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Water-jug marigolds.

As the plants have been emerging, inside and out, the birdsongs have become increasingly competitive–me, me, pick me!  After I saw a male bluebird in full throat at the top of a maple down the street, George quickly put up bluebird and wren houses. I started pruning the lilacs and apples and then … snow.
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IMG_7298.jpgLots of snow. About eight inches. It brought the wild turkeys, searching for windfall apples at the edge of the yard.

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Turkey tracks are huge. My boot is in the lower left for comparison.

Then it got cold. The snow has lingered on. IMG_7326

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The snow makes Zoes feisty.  She’s trying to kill her ball.

IMG_7302I’m not sure yet how much damage we will see to emerging buds and sprouts.

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Poppies emerging before the snow.

Today we are housebound by a coat of ice and mizzle of freezing rain. IMG_7407.jpgOn the bright side, the snow and ice have given me time to finish sewing projects. In January, I was making great progress on a quilt for a granddaughter when my sewing machine started to act oddly. The motor belt seemed to be slipping–something it had never done before. The band was old, brittle, and cracked. I decided that it was time for a tune up anyway, so dropped off the machine at a local fabric store to be picked up by the local sewing machine repairman. His normal two-week turn around time stretched three because, on delivery day, the fabric store was closed due to heavy snow. Three weeks without my machine during prime sewing season. IMG_6556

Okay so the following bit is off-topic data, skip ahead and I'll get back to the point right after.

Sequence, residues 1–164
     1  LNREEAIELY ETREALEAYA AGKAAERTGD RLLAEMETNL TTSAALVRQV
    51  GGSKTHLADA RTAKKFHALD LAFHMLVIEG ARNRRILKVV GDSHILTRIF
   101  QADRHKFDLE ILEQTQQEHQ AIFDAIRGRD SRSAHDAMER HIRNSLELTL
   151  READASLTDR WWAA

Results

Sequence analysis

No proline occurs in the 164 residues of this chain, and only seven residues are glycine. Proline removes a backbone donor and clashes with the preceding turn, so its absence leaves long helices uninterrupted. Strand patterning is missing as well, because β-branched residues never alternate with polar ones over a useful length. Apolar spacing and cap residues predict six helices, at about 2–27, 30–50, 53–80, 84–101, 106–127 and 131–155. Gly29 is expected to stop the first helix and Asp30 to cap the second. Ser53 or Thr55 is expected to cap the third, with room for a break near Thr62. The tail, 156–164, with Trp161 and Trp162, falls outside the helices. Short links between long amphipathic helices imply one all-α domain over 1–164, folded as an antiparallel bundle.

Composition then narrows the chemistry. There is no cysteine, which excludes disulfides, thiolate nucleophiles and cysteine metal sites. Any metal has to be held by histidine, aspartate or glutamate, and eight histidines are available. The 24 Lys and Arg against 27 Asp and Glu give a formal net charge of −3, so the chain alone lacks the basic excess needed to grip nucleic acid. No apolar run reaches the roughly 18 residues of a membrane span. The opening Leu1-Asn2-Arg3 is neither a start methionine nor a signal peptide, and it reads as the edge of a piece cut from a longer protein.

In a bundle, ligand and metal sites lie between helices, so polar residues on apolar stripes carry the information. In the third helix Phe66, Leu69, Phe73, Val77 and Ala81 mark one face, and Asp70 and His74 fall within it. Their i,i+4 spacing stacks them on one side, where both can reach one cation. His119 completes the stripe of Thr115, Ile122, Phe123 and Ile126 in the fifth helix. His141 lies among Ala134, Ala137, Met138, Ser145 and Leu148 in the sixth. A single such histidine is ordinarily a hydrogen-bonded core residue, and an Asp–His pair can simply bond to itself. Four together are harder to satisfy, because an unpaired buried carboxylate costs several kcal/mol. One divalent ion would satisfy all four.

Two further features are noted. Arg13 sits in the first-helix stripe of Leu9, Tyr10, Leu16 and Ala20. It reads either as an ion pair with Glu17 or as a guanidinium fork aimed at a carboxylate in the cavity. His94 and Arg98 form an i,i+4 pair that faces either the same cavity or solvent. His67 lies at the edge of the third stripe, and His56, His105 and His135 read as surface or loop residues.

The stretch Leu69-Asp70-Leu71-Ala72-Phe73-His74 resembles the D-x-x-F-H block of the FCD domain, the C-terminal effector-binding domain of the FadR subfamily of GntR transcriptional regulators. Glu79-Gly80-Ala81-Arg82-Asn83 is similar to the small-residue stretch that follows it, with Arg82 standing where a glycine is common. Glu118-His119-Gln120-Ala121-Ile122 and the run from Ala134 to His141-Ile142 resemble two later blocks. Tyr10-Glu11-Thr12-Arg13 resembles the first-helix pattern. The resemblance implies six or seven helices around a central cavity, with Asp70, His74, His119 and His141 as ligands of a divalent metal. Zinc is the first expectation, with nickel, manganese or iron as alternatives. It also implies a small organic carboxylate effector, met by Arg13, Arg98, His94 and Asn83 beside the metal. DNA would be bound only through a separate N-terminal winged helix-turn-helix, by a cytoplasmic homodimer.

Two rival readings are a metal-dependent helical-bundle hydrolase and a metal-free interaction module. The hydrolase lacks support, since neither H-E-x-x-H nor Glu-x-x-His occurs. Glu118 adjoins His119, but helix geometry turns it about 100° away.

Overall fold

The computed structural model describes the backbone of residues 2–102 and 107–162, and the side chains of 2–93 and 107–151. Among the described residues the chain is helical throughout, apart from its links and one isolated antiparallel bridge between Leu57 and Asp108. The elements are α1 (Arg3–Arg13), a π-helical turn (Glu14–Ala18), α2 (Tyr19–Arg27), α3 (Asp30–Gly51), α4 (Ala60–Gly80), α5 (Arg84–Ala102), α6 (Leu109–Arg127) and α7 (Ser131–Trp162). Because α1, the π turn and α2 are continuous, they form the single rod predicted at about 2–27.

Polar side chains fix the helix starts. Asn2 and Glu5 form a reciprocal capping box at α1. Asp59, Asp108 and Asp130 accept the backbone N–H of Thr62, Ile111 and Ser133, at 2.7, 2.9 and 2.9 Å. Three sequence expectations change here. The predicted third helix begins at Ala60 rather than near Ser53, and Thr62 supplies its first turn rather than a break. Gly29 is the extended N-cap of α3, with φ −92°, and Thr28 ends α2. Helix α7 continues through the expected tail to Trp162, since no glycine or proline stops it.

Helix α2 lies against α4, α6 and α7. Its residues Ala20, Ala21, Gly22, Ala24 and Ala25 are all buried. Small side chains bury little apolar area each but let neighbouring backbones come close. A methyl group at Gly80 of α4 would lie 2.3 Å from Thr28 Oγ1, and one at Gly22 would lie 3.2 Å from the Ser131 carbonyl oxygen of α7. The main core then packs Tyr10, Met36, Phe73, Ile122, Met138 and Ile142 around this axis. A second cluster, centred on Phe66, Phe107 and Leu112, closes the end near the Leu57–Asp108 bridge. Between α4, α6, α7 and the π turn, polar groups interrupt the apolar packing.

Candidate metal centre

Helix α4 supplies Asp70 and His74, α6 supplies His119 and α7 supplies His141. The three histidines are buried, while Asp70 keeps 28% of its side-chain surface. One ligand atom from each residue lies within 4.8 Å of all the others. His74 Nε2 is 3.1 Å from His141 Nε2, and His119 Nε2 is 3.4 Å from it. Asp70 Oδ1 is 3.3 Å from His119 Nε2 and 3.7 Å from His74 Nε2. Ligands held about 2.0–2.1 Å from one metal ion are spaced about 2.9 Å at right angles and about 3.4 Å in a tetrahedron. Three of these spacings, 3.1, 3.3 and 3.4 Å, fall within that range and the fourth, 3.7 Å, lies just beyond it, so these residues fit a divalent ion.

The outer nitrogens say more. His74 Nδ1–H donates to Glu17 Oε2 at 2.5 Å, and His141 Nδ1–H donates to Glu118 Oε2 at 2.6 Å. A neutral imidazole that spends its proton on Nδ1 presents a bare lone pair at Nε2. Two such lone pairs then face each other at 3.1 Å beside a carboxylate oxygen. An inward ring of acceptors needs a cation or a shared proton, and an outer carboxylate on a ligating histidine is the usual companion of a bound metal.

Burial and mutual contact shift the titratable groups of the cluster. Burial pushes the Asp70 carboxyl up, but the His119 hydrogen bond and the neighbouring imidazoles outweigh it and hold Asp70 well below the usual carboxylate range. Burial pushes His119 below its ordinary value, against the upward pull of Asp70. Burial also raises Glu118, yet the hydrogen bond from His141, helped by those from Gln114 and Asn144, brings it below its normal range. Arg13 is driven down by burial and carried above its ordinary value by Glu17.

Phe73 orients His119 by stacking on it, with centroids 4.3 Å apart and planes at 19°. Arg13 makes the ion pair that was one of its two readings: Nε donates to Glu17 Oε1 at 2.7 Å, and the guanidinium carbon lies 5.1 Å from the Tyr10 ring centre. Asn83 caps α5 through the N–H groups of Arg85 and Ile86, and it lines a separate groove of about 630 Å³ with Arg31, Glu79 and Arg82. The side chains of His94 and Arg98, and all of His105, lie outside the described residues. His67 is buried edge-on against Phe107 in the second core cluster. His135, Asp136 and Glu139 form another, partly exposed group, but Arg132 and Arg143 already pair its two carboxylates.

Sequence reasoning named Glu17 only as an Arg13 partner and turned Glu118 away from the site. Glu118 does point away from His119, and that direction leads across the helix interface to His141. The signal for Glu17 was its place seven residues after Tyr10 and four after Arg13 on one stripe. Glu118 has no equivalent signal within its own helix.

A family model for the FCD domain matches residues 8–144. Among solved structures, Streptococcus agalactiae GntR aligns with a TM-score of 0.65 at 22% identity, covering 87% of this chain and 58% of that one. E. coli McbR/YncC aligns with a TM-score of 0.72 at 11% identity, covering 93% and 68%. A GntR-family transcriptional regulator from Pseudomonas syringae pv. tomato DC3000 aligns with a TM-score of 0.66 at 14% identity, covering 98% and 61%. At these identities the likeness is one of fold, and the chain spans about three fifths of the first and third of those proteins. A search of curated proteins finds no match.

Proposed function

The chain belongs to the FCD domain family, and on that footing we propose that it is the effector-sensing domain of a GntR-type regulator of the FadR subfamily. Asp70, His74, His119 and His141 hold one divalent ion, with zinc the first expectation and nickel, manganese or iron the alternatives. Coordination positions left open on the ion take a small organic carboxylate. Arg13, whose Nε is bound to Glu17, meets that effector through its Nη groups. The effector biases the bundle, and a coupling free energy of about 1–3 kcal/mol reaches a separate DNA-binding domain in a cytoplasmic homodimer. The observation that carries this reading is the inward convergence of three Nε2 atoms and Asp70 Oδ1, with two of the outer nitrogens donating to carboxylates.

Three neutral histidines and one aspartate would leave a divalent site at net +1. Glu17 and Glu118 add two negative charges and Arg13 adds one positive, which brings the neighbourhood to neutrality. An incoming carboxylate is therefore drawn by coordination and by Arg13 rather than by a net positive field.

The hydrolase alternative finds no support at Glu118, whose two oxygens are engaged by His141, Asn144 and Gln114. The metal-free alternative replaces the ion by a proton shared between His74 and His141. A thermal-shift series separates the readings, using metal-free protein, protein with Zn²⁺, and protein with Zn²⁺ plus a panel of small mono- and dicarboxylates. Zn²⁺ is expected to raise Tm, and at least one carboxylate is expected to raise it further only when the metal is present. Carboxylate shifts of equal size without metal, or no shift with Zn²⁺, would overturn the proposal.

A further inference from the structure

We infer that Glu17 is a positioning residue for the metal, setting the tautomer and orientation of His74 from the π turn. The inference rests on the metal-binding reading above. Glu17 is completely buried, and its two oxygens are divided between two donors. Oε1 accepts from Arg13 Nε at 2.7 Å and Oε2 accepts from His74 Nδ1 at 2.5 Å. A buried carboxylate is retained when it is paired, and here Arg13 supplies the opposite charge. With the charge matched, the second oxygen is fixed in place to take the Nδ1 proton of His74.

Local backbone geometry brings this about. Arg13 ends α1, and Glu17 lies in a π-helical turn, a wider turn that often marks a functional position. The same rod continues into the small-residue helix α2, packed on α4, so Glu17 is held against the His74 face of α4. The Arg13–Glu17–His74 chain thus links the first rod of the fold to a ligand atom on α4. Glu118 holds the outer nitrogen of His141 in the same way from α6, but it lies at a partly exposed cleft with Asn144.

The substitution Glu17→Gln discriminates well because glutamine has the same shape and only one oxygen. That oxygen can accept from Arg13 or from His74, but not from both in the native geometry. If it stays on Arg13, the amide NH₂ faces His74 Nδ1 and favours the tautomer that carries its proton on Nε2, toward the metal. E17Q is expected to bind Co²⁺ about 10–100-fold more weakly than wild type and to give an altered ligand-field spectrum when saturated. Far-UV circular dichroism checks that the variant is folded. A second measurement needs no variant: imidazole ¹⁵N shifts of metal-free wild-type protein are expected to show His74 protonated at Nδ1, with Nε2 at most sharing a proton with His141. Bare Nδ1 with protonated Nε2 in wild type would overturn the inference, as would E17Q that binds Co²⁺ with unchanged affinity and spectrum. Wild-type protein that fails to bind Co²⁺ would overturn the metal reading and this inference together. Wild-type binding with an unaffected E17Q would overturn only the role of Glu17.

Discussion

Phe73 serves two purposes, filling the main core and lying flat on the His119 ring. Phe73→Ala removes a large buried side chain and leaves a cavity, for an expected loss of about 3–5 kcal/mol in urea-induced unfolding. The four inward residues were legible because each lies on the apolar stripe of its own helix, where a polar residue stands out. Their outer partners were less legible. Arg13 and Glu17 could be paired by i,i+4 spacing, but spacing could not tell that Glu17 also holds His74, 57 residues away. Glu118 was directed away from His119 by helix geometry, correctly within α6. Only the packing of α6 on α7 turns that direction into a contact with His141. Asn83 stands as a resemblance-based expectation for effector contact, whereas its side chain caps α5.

Finally, the machine came home with a new belt, all greased and lubed, and, for the first few nights, smoothly humming away. The next afternoon, however, I sat down to sew and the new motor band started slipping a bit. I let it sit for a few hours, tried it again that night, and it was fine. But the next day, it started slipping badly. Really badly. Odd that it slipped during the day, but not at night. Then a light went off–actually a lot of light. The machine was sitting right in front in one of our greenhouse-like southern windows, awash in sunlight. That sunlight was HOT and the heat was expanding the band so much as to cause it to slip. Duh. Problem solved.

The quilt is finished and ready to be shipped out west. My quilting style is best described as low-stress or wabi sabi. No seam is too crooked, no corner too awry. I put it together, hope it will come out approximately square , and enjoy the process. A real quilter would roll her eyes and tut disapprovingly. But it works for me.